JERUSALEM (AP) -- Nine centuries after Christian Europe sought to redeem
the Holy Land, a group of Western Christians is seeking forgiveness for the
slaughter and destruction left in the Crusaders' wake.
Bearing printed apologies in Arabic, Hebrew and English, the participants
in the "Reconciliation March" said Sunday they planned to hand the neatly
bound plastic folders to Jews, Muslims, and Eastern Christians whose
forefathers were killed during the invasion.
About 50 members of the interdenominational project from the United States,
Europe, Australia, and New Zealand are meeting Israelis and Palestinians in
cities throughout the region.
"Exactly 900 years ago Christians visited this land with a sword and a
spirit of vengeance in a manner contrary to teachings and character of
Jesus," said Mike Niebur, the group's Israel coordinator.
Group members, who pay their own expenses, have visited Jewish communities
along the Rhine Valley and towns in Lebanon and Turkey in their search for
Crusaders marching through the Rhine Valley slaughtered Jews who refused to
convert to Christianity and left a similar wake of destruction in Eastern
Orthodox and Muslim centers along the way to their goal of liberating the
region where Jesus lived from non-Christian rulers.
The Crusaders were urged forward by Roman Catholic leaders longing for the
jewel of Jerusalem -- and seeking to consolidate recent political gains in
Organizers at the press conference displayed T-shirts depicting the march
of the original crusaders as a jagged red line cutting through the heart of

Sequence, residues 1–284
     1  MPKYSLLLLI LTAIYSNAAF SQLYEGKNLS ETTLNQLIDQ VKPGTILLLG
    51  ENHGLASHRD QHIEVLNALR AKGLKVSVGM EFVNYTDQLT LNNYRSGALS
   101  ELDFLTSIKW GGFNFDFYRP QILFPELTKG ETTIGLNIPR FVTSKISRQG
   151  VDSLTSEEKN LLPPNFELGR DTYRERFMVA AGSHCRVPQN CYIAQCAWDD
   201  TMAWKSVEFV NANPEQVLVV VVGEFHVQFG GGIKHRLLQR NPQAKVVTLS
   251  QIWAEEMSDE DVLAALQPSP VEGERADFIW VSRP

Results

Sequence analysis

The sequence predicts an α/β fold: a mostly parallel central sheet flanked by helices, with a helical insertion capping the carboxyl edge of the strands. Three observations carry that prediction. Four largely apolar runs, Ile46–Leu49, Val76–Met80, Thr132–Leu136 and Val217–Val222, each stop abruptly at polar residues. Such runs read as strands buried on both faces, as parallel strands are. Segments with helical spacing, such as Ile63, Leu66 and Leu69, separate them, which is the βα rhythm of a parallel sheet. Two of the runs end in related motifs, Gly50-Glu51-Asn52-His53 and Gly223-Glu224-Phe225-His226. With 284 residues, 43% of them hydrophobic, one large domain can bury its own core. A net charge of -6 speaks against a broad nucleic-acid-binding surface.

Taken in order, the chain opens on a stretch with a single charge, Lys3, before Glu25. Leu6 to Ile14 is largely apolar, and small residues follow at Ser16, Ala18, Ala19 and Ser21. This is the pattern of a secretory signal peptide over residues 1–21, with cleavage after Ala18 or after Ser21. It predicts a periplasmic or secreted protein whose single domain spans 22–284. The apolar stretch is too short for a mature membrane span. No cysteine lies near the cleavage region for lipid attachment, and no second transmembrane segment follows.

Europe and the Middle East.
The group's trip will culminate on July 15 when up to 1,500 participants
travel by foot from a Crusader fortress in northern Israel to Jerusalem to
apologize to religious leaders on the 900th anniversary of the fall of the
city to the Crusaders.
Niebur said that the imprint of distrust and violence perpetuated by the
memory of the Crusades can be traced through the Spanish Inquisition and
even the Holocaust.
"We hope we will start to end that legacy and start on a new track," said
Niebur, a native of San Francisco.
Members of the group said they see a direct link between the Crusades and
the relationship between the East and West today.
Niebur cited apocalyptic Christian groups who have unsettled Jews and Arabs
in the region, and said such apocalyptic outlooks mirror those of the
"We have a similar situation developing today with the turn of the
millennium," he said. "We want to say that that was not really what Jesus'
message was about."
In January, Israel expelled a group of U.S. millennialists authorities
believed were planning violent acts in Jerusalem to hasten the Second Coming.
The project began in Cologne, Germany, in 1996.
Niebur said the reception has been positive. He recalled a phone call to a
Jewish community in the Rhine Valley. An organizer told the community
leaders that the marchers were running a little late.
"The Jewish community responded, 'We've waited 900 years, we can wait one
more hour,"' he said.